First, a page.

The actuator mechanism 110 includes a lower firing lever 180 which is pivotally mounted on a pivot pin 182 located toward the bottom of the housing 102 approximately midway between the front and rear of the housing 102. The pivot pin 182 is mounted in a pair of cylindrical bosses 184 and 185 (FIGS. 4 and 6) formed on the interior of the housing sections 104 and 106, respectively. The lower firing lever 180 consists of a flat metal plate including an elongated front portion 186 extending toward the striker 112 and having an upwardly angled rear portion 188 which is overlapped by the pair of depending flanges 165 formed on the opposite sides of the upper operating lever 160. The firing lever 160 has a front tip 190 (FIGS. 2 and 3) for raising the striker 112 when the actuator mechanism 110 is operated.

Referring to FIG. 1, the lower firing lever 180 includes a pivot hole 192 having a slightly larger diameter than the pivot pin 182 to provide a loose pivot connection which supports the lower firing lever 180 for pivotal movement about the axis of the pivot pin 182 and allows the lower firing lever 180 to rock sideways with a wobble-like motion about the pivot pin 182 relative to the housing sections 104 and 106. The rocking motion of the lower firing lever 180 enables the front portion 186 and the front tip 190 of the firing lever 180 to be shifted laterally relative to the striker 112.

As shown in FIG. 1, the upper operating lever 160 is coupled to the lower firing lever 180 by a roller pin 194 which is slidably and rotatably received in a pair of elongated kidney-shaped slots 196 formed in the depending flanges 165. The roller pin 194 is also slidably-and rotatably received in an elongated kidney-shaped slot (not shown) formed near the upper end of the rear portion 188 of the firing lever 180. The roller pin 194 together with the slot 196 and the kidney-shaped slots of flanges 165 provide a pin and slot connection between the operating lever 160 and the firing lever 180. The opposite ends of the roller pin 194 are slidably received between a pair of spaced parallel guide rails 200 (FIGS. 4 and 6) which project inwardly from the housing sections 104 and 106. The movement of the roller pin 194 relative to the housing 102 is restricted by the guide rails 200 and by an elongated rib 202 of reduced height located between the guide rails 200 on each of the housing sections 104 and 106.

Referring to FIG. 1, the actuator mechanism 110 includes a return spring 204 for normally biasing the lower firing lever 180 toward a rest position. The return spring 204 is embodied as a torsion coil spring including a plurality of coils 206 which encircle a semi-cylindrical post 208 formed on the housing section 104. The return spring has a rear arm 210 engaged with a tab 212 on the housing section 104. A post 213 (FIG. 6) on the interior of the housing section 106 is located to the side of the rear spring arm 210 to prevent the rear spring arm 210 from shifting laterally and being disengaged from the tab 212. The return spring 204 has a front arm 214 bent sideways to provide an offset portion which extends across an elongated notch 218 formed at the rear of the firing lever 180. The spring 204 is maintained in torsion by the spring arms 210 and 214 which are engaged with the tab 212 and notch 218, respectively, to bias the firing lever 180 clockwise about the pivot pin 182 toward the rest toward. The torsion of the spring 204 is transmitted by the roller pin 194 to the upper operating lever 160 to bias the operating lever 160 counterclockwise about the pivot pin 162 and to urge the handle assembly 108 toward its upwardly inclined rest position.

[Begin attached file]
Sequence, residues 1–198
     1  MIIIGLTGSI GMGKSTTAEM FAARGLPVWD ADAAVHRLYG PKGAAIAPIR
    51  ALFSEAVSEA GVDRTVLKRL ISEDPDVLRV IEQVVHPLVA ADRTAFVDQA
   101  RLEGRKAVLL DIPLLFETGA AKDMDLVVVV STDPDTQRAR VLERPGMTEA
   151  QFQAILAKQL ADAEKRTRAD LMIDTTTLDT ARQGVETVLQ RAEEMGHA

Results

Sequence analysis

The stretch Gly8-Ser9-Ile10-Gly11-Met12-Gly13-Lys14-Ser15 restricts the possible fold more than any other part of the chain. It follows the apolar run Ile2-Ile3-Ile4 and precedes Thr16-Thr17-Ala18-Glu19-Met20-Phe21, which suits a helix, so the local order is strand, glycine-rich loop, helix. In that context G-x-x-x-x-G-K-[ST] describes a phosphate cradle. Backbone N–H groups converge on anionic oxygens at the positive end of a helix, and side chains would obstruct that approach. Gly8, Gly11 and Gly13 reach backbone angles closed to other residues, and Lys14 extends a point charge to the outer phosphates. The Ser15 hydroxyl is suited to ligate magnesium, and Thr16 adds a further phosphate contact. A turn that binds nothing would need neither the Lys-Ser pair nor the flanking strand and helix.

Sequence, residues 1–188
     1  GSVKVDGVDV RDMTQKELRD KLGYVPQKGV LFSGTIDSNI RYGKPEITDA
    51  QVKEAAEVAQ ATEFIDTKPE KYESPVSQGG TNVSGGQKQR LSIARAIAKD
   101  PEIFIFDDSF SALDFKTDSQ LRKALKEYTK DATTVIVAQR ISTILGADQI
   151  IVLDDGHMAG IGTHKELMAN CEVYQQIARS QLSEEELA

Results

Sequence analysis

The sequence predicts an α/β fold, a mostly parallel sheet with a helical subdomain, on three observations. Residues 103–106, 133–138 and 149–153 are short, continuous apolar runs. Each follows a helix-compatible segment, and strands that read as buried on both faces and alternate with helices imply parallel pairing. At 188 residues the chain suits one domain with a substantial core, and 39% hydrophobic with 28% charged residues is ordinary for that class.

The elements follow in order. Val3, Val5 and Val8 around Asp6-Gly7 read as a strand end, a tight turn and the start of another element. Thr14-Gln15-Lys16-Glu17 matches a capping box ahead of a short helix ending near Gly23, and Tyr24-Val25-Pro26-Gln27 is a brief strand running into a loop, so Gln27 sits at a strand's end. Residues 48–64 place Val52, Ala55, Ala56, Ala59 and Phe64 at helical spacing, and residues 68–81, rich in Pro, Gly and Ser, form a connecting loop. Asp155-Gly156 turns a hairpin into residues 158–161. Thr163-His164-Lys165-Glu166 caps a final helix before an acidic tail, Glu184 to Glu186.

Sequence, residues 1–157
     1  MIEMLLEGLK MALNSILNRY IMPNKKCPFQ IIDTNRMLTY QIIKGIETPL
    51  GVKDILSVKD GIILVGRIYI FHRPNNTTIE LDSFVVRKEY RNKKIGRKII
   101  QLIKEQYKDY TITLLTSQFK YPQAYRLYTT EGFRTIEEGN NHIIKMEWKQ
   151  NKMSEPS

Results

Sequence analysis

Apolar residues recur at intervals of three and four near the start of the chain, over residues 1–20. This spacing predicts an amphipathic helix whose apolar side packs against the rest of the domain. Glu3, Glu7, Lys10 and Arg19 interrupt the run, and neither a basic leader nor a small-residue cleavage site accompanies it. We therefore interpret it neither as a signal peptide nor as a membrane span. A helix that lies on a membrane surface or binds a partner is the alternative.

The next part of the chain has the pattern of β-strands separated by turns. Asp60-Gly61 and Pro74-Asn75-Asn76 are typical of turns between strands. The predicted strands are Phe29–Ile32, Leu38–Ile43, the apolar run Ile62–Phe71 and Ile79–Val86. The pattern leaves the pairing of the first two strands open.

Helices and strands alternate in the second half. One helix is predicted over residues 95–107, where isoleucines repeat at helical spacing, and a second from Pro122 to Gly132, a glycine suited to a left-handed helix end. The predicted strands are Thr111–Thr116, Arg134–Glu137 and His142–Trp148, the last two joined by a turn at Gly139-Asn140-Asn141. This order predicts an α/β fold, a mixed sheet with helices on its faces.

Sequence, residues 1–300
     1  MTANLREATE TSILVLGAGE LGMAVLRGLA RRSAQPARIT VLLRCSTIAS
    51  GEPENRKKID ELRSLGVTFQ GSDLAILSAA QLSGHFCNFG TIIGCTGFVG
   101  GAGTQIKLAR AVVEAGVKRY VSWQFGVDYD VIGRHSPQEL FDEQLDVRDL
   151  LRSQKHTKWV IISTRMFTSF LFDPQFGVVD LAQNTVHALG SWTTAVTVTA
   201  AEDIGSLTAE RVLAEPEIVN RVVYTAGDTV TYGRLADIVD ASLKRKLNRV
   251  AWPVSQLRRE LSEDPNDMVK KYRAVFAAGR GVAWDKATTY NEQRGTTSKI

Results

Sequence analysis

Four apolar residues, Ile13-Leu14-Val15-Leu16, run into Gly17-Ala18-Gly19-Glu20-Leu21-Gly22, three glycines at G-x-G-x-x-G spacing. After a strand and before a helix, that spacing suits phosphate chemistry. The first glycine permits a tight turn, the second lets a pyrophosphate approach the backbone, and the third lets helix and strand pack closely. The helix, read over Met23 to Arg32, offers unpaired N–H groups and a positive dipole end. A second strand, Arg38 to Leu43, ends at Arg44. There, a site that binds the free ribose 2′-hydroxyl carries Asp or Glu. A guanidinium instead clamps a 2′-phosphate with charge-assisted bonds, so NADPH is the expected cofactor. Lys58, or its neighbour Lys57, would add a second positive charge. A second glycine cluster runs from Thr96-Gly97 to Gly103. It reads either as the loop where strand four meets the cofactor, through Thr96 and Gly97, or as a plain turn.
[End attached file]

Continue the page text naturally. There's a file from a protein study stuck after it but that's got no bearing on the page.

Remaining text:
As shown in FIG. 1, the front arm 214 of the return spring 204 has a laterally slanted front tip 220 extending partially across the rear portion 188 of the firing lever 180 adjacent to the notch 218. The firing lever 180 has a corner 222 adjacent to the elongated notch 218 which overlaps the front arm 214 of the return spring 204. The front spring arm 214 exerts a lateral biasing force at the corner 222 on the rear portion 188 of the firing lever 180 to urge the front portion 186 of the firing lever laterally toward the housing section 104. However, as explained below, the lateral biasing force of the torsion spring arm 214 on the rear portion 188 of the firing lever 180 is counteracted by another force applied by a reset mechanism to the front portion 186 of the firing lever 180 to locate the firing lever 180 in its rest position and to maintain its front tip 190 in a desired alignment with the striker 112.

As shown in FIGS. 4 and 5, the cylindrical boss 184 on the housing section 104 has a raised arcuate surface or pad 228 located on its circular face in the quadrant extending upward and forward relative to the housing section 104. Similarly, as shown in FIGS. 6 and 7, the cylindrical boss 185 on the interior of the housing section 106 has a raised arcuate surface or pad 230 formed on its circular face in the quadrant extending upward and forward relative to the housing section 106. The arcuate pad 230 on the boss 185 is narrower than the arcuate pad 228 on the boss 184. The arcuate pads 228 and 230 serve as spacers which locate the lower firing lever 180 away from the circular faces of the cylindrical bosses 184 and 185 to facilitate the lateral rocking motion of the lower firing lever 180 about the pivot pin 182. An inclined guide rib 232 (FIG. 6) is formed on the interior of the housing section 106 to limit the lateral rocking motion of the front portion 186 of the firing lever 180.